The 14th Street Subway Station showing eagles once thought to be lost, by Philip Ashforth Coppola
Calling to mind other obsessive documentary projects by New York area residents, New Jersey resident,Philip Ashforth Coppola, has been documenting the art inside the New York City subway system as illustrations since 1978. The New York Times reports that Coppola originally thought it would take just a few months but he’s still going, and doesn’t anticipate finishing until 2030 (when he’ll be about 82). He uses a ballpoint pen, nothing fancy, and writes out descriptions about each with typewriter.
The Coney Island Brewing Company, which was founded in 2007, was once deemed the smallest brewery in the world by the Guinness Book of World Records. From 2011 to 2012, out of a rent-free space in Sideshows by the Seashore, the company was producing only one gallon of beer per batch. This summer, they opened a new brewing house right in front of the Brooklyn Cyclone’s ballpark in the heart of Coney Island, Brooklyn. You’ll also catch a glimpse of one of the Coney Art Walls just outside the entrance. (more…)
Fans of OldNYC will be excited to see another historical photo mapping tool. The Greenwich Village Society for Historical Preservation (GVSHP) has released its historic photo archive. Though it currently only has 300 images (vs. the 21,000 in OldNYC, the images here range from 19th century drawings to images of lost buildings, to places preserved thanks to the New York City Landmarks law, and more will be added. The photos reflect specifically “the history of the people and built environment of Greenwich Village and surrounding areas,” writes GVSHP.
We’ve embedded the map above (click on the icons to see the images), but you can also browse and search on the GVSHP website.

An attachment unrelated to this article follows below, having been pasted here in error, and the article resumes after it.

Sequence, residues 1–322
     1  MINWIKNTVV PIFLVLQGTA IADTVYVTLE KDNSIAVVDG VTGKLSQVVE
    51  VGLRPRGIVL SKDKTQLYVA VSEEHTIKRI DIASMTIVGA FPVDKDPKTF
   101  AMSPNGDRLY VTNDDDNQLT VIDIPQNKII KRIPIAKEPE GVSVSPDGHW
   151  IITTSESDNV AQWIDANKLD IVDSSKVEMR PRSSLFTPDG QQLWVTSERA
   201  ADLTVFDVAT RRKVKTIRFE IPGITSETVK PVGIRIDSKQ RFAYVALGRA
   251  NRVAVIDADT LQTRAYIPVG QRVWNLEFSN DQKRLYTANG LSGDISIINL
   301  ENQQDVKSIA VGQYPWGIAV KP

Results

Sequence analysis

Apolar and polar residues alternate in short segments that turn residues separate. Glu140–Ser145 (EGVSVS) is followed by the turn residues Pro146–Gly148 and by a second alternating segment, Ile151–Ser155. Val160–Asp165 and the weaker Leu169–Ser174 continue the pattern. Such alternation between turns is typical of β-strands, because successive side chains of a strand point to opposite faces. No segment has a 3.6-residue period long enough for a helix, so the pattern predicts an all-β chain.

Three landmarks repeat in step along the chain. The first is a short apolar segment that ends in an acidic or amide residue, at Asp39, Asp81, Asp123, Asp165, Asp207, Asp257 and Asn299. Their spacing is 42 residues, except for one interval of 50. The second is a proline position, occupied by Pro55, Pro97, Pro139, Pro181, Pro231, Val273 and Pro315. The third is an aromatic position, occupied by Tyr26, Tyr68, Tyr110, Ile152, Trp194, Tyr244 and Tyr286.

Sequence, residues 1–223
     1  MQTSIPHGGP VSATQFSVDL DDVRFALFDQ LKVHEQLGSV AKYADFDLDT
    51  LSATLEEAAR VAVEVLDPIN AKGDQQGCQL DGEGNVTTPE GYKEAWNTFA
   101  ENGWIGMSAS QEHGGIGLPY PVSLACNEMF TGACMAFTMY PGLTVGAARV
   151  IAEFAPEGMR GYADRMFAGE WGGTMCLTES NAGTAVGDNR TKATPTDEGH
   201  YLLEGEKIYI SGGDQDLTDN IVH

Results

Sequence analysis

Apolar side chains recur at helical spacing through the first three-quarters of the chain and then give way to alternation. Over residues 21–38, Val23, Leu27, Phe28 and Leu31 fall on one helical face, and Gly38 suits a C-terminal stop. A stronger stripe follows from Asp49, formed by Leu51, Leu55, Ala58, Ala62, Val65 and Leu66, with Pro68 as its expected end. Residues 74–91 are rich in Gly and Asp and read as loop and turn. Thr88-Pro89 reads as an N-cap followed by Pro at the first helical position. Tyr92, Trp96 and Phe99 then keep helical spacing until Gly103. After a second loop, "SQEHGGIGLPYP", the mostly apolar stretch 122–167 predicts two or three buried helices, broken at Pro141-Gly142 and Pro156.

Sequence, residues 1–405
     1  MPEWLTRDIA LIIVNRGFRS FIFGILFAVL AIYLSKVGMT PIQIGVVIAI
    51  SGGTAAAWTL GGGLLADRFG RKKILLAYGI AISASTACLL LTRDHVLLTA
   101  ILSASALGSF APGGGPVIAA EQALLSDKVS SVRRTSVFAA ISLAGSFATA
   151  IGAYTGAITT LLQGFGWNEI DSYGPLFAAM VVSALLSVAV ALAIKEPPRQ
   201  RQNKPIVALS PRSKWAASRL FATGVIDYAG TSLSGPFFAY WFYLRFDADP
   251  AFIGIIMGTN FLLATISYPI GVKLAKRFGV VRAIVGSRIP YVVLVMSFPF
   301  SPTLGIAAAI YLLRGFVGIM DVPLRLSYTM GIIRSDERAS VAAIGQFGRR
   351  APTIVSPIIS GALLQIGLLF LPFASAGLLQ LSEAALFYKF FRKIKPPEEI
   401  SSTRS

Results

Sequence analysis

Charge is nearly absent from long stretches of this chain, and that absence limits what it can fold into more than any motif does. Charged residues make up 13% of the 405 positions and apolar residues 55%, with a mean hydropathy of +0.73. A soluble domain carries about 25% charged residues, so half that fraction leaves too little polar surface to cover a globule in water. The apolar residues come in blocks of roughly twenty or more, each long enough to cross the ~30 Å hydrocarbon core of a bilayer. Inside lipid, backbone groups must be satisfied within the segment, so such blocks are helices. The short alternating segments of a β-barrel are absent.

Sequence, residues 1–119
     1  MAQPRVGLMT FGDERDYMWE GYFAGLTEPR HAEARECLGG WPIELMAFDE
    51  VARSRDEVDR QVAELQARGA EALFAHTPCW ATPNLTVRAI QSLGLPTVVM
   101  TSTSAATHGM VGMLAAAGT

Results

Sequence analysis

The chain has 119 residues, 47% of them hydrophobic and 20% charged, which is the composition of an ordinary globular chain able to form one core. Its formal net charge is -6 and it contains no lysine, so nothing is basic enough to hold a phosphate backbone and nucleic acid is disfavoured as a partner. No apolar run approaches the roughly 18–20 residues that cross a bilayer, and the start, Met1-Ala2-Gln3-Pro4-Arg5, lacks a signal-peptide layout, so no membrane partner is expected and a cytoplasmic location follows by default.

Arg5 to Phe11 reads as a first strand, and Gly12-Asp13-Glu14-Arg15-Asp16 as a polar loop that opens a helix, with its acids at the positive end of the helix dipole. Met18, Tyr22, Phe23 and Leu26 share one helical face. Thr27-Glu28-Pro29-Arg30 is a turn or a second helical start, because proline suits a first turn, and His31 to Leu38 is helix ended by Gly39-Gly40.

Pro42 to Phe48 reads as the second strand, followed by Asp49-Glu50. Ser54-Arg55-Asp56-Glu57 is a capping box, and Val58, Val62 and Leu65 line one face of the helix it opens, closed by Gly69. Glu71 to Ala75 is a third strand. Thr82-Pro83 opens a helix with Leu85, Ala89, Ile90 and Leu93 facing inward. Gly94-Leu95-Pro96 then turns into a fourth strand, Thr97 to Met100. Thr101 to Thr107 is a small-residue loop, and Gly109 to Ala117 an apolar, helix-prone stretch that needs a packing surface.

Thornwillow Press is turning thirty and the publishing world is celebrating. An exhibition of Thornwillow books is currently on display at the Grolier Club, the grande dame of the publishing world that celebrated its own 130 years of the printed word last year.
At the Grolier Club, the printed word is treated on a par with painting and sculpture. Now, the crafts of letterpress printing, papermaking, illustration and bookbinding are all on display as Thornwillow exhibits its limited-edition books on the Second Floor Gallery.
Photo via Smithsonian.com
The Berlin Wall…in New York City? You heard that right. And there’s not just one piece, but five. In the early 1980s, artist Thierry Noir began painting the surfaces on the west side of the Berlin Wall, close to his apartment. In an effort to make the wall seem less menacing, other artists joined in, covering various sections of the wall with painted figures and graffiti. The 14-foot tall wall became a huge canvas, giving voice to artists from around the world, and a popular tourist destination.
The dismantling of the Wall was completed in 1991, with more than 40,000 wall sections recycled into building materials used for German reconstruction projects. However a few hundred sections were preserved, sold, auctioned off or given away. Five of these sections are here in New York City.
North Brother Island. Photo via This Is Colossal.
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